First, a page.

I made another drawing of the black teapot that sits on the horizon of the still life table. I decided that maybe the ellipse does matter after all so I redrew it to better match the appearance of the blue compotier.
I included a shadow. Things are going to have cast shadows similar to the ones that objects have in Bonnard’s painting though not all the objects have shadows yet in the various studies. The question of the shadows and what they shall look like is another piece of the big puzzle.
I made some drawings using Sennelier oil pastels and Neopastels to continue getting acquainted with my still life objects and with one potential arrangement of them for the table in the Big Painting. I just drew them as they appeared in an actual still life set up, which is slightly different from how they’ll appear in the painting. But being descriptive helps me get to know the things better. So I need some of that.
The blue field behind the objects now won’t appear in the Big Painting where they will be surrounded by the striped cloth on all sides.
Still figuring out the separation of the seashell from the flowers through which it’s seen — though that will be different in the final arrangement too where the seashell, if I include it, will be a little farther back and maybe seen slightly more from above …? Decisions, decisions.
It’s time to figure out where the other objects in the painting are going to go. Since I don’t have an actual still life, I cannot just look at the motif and arrange things there in the set up. Instead my painting develops from drawings — some that I make from actual objects and some that proceed from photographs since certain objects in the painting are not things that I own — like the Limoges vase and the porcelain basket.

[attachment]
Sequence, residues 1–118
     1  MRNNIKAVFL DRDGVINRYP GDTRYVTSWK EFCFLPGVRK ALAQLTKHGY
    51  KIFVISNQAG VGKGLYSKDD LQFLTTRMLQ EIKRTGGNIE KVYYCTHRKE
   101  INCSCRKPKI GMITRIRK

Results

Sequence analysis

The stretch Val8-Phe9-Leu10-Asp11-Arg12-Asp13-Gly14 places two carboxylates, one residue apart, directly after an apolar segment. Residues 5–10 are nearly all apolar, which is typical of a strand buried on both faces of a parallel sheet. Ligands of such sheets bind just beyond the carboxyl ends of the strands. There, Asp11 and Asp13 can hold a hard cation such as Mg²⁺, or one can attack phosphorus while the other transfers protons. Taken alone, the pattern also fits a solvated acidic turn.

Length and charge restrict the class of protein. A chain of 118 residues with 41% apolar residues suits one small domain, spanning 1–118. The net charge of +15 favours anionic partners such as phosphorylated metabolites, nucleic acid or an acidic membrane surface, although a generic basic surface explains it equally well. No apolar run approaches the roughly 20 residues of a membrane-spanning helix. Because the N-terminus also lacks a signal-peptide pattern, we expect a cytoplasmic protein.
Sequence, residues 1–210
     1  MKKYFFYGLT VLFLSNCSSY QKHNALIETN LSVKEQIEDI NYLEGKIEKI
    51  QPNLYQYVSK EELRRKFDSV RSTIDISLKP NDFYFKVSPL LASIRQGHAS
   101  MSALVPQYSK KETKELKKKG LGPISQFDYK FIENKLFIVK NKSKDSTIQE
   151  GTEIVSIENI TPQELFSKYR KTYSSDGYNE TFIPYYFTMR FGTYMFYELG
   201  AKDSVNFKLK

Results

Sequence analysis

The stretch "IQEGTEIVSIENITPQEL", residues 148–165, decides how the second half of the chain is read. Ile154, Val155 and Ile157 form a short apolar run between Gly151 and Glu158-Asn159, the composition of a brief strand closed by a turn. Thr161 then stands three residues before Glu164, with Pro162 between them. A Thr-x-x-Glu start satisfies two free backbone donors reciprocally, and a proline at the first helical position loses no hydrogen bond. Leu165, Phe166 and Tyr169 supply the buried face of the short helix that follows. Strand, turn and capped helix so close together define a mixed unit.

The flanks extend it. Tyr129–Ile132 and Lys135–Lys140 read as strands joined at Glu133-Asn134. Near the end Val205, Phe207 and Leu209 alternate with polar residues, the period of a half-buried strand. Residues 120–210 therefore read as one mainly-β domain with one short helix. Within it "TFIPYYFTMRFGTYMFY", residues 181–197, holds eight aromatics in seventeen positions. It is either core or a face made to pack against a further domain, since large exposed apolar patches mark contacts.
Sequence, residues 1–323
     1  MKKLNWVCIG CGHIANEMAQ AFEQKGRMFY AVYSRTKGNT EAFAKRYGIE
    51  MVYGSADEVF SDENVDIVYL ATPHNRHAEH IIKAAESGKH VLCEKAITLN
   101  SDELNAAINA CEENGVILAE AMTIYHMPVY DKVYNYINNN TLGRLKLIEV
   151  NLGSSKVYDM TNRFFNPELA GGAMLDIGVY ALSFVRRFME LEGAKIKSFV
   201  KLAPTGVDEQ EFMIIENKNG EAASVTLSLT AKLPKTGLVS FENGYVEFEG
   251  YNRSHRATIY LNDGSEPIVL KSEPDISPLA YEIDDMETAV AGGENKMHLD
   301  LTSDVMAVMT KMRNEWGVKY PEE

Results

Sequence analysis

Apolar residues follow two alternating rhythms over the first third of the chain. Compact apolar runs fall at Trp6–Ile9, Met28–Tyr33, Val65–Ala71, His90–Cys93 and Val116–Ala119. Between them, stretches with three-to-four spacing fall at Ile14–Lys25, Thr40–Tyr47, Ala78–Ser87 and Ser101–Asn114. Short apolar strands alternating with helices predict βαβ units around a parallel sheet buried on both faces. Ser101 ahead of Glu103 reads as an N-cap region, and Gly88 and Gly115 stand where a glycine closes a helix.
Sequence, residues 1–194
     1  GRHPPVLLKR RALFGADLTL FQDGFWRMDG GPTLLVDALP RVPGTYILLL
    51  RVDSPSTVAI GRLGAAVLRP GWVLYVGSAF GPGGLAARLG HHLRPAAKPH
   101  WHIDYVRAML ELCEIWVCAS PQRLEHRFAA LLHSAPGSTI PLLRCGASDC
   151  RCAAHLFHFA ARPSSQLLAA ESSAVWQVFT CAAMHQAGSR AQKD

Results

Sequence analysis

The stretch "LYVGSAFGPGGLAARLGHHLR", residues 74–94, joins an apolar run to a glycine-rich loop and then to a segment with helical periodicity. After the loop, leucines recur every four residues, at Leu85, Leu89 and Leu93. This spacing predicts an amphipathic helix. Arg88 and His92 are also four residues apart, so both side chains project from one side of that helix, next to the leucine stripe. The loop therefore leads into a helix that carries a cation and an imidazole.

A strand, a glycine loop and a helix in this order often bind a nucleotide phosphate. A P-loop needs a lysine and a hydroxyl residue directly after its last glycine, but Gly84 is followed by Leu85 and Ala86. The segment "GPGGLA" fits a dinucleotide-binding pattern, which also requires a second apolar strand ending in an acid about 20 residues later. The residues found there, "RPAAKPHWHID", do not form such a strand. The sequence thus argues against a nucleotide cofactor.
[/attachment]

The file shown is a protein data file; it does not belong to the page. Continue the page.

I have to guess how large to draw things. And some of the decision is based also on a deliberation about how big I want the thing to be. Because I love the frog teapot so much I have placed it at the very bottom of the picture where if all goes well it will be especially visible to inspection. Otherwise, my decisions are just hunches. “Maybe this would look good here … maybe that over there.”
Not included, but in the works are at least a couple more objects: a ceramic figurine of a bird, a second much smaller vase with flowers and perhaps a Chinese teacup holding some tea. I’m still figuring things out.
Not really a drawing — I had so much fun making the scribble drawings for the painting that I decided to continue the process on the painting itself. It will all get covered up. It is, nonetheless, an energetic way to begin. I used acrylic medium to thin down the paint, to capture more of the character of the “ball point pen lines”. The canvas is 20 x 24 inches.
The earliest depictions of flowers dates back to the Old Kingdom (~2500 BCE) and the earliest evidence of the collecting of flowers in bouquets is demonstrated in the archeological finds of ancient vases. It’s a motif that’s been around a long time in art. And it’s still going strong.
I painted this 16 x 20 inch bouquet yesterday using acrylic paints, a medium that I haven’t used in a long time. Taking it up again is a blast. I love it.
So you should walk like an Egyptian, think like an Egyptian and paint flowers like an Egyptian. You can even listen to the song while you’re painting. Ay oh whey oh.
I am taking various objects out, setting them up on the table beside me and drawing them swiftly with oil pastels. It helps me think ahead to painting — though later on I intend to do exactly the same with painting: to set up a small still life and simply have at it. Lots of little rehearsals let me scatter my force in a beneficial way.
Sometimes I just cannot quite make up my mind, and on such occasions who wants to commit to a large project? And sometimes my schedule is all broken up into bits, and what am I to do with these bits of time? I want to keep working on my art, so I adjust my work to things that fit inside these smaller chunks of time.